(Rashmi Gopal handles the Schools Water Portal at Arghyam. She has been working in the field of environment education for over 7 years now and is trying to spread water literacy in schools using ‘fun’ methods through the portal. Rashmi agreed to guest blog for our blog to enter Tulika’s second blogathon edition
Stories can capture the imagination of young and old. Indian folklore and mythology has many stories on water bodies. Here’s one on Lake Chilika, India’s largest brackish water lake:
In mythical times, king Raktabahu came to ransack the rich temple city of Puri in Orissa. Being a successful pirate he had a huge fleet of pirate ships. As he wanted to attack the city stealthily, he anchored the ships in deeper waters, where he could lie low undetected. But the sea gave him away for the waves carried in the refuse from the ships!
As soon the people got wind of his visit, they gathered all their precious articles and fled. When Raktabahu entered the city, he found it completely deserted. Furious with the sea, he ordered his people to attack it. To save itself the sea went into the sea bed. Then gathering its mighty strength, the sea surged back and drowned Rakabahu’s entire fleet and formed the Lake Chilika.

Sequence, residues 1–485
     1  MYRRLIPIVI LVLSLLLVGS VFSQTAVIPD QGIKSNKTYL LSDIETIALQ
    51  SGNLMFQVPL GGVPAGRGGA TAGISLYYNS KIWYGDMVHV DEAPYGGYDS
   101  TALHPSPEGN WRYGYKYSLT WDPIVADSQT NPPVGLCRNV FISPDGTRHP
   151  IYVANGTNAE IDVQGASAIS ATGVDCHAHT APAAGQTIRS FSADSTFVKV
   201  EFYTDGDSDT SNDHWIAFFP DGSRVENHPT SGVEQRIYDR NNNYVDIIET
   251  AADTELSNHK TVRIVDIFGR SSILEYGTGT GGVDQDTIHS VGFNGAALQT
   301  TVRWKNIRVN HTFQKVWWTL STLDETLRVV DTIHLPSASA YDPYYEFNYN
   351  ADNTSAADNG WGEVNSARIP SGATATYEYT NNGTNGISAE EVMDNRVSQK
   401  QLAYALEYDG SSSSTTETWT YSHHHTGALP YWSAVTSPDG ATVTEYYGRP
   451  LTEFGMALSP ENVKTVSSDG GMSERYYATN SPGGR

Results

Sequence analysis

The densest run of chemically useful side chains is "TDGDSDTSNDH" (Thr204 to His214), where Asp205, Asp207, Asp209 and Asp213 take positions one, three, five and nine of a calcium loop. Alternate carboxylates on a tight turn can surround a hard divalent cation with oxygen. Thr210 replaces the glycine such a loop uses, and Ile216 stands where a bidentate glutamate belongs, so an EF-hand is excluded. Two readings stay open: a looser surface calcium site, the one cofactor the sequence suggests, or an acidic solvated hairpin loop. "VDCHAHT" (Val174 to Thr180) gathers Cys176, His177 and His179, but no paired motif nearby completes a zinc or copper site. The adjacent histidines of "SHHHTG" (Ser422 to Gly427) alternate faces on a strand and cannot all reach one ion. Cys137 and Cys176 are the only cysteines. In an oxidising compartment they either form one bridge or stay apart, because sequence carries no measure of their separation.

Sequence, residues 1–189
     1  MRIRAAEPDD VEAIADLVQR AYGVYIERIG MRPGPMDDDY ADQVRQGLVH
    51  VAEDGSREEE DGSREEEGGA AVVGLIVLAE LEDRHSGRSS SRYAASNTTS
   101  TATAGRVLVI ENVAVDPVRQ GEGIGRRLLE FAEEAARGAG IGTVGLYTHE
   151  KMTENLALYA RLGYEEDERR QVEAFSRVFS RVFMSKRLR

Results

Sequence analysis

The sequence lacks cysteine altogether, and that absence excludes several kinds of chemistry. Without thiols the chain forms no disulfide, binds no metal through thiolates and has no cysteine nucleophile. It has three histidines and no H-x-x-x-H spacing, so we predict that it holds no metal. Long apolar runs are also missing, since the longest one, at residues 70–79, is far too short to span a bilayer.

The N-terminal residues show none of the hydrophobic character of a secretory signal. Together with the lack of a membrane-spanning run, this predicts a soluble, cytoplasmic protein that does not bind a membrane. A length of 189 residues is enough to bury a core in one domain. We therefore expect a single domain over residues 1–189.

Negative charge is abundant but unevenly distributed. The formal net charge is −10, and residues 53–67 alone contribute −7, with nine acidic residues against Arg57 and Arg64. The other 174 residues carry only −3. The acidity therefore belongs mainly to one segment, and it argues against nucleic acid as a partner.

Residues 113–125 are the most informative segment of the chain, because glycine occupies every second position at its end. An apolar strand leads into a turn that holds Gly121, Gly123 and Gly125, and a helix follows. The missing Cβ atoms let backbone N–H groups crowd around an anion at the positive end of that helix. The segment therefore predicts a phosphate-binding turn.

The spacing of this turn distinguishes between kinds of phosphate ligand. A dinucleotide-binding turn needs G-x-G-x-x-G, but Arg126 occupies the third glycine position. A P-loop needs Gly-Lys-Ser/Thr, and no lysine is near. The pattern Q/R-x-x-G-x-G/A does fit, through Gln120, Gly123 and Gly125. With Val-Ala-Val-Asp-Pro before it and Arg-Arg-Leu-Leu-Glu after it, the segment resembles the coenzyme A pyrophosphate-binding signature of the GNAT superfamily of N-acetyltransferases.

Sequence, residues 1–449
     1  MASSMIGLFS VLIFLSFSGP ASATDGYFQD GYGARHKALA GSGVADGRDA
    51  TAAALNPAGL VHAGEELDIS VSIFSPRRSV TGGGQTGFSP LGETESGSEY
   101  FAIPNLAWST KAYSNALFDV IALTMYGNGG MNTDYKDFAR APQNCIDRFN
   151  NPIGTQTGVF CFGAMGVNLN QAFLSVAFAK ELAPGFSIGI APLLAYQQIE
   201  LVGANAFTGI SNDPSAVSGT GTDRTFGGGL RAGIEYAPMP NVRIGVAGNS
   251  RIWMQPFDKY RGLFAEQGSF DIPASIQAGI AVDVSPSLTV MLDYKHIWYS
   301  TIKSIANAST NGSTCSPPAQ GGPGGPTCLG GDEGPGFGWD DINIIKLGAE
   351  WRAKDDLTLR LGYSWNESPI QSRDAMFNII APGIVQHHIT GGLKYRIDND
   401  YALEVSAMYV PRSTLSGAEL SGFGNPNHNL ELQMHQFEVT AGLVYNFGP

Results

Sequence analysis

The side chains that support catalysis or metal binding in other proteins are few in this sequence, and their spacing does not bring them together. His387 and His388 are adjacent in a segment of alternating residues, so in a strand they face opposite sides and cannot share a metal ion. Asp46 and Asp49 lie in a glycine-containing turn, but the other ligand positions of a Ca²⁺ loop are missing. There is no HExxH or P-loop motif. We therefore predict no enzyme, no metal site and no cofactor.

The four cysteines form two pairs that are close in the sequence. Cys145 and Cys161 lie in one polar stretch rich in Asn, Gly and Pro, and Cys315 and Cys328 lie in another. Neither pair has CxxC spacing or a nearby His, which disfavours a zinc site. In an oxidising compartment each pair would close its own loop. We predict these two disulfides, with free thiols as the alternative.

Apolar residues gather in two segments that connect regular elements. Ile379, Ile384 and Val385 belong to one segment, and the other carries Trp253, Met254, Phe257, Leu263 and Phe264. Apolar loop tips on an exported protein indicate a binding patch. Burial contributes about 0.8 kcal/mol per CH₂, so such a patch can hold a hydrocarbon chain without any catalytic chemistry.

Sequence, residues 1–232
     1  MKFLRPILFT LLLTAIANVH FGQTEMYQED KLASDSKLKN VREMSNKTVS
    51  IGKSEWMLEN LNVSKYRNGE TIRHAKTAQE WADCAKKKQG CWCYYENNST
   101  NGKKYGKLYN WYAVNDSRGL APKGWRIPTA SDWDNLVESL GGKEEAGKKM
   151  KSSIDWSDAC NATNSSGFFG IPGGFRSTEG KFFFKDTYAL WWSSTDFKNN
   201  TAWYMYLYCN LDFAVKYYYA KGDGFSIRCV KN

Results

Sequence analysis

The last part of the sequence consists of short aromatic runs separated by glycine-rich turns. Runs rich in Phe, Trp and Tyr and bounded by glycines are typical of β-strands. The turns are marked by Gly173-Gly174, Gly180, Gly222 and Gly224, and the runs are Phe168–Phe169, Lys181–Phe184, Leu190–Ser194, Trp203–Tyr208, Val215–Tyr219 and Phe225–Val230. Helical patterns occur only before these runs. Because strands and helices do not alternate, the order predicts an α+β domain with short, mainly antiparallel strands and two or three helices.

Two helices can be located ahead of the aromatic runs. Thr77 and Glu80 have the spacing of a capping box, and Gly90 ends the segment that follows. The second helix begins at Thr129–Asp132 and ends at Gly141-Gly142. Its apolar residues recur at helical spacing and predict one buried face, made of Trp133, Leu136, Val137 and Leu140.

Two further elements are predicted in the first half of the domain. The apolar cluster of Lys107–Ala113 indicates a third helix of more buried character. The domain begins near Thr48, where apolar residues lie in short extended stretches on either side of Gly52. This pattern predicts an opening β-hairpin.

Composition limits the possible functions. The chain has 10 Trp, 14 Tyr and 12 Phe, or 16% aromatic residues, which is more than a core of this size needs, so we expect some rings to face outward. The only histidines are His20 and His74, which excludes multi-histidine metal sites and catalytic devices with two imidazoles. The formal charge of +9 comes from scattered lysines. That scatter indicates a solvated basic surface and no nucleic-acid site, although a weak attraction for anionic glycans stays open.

The Schools Water Portal (www.schools.indiawaterportal
) has many such stories / folklore on water bodies around the world. Check these out at http://schools.indiawaterportal.org/teachers/waterstories
. Some of my favourites are the stories about the Kosi and the Narmada. As a child I lived in Jabalpur and we often went boating down the Narmada through the marble rocks of Bhedaghat. I remember the boatman pointing out to a cave high up in the rocks and telling us that a sage has been living there for many years and doing tapas. For a seven year old, that sounded so fascinating.
My grandmother would throw in a rupee coin whenever we went to a river. Rivers, she said, are to be worshipped and just as we make an offering of money to a temple, we should make an offering to the river. A couple of years ago we were driving by the river Cauvery. I gave my son a rupee and asked him to put it in the water. I gave him my grandmothers logic. He gave me back the coin and said that he was not going to be party to polluting the river. It is now time to go with the flow and listen to our next generation. But let’s keep the stories alive.
Image Source : Rita Willaert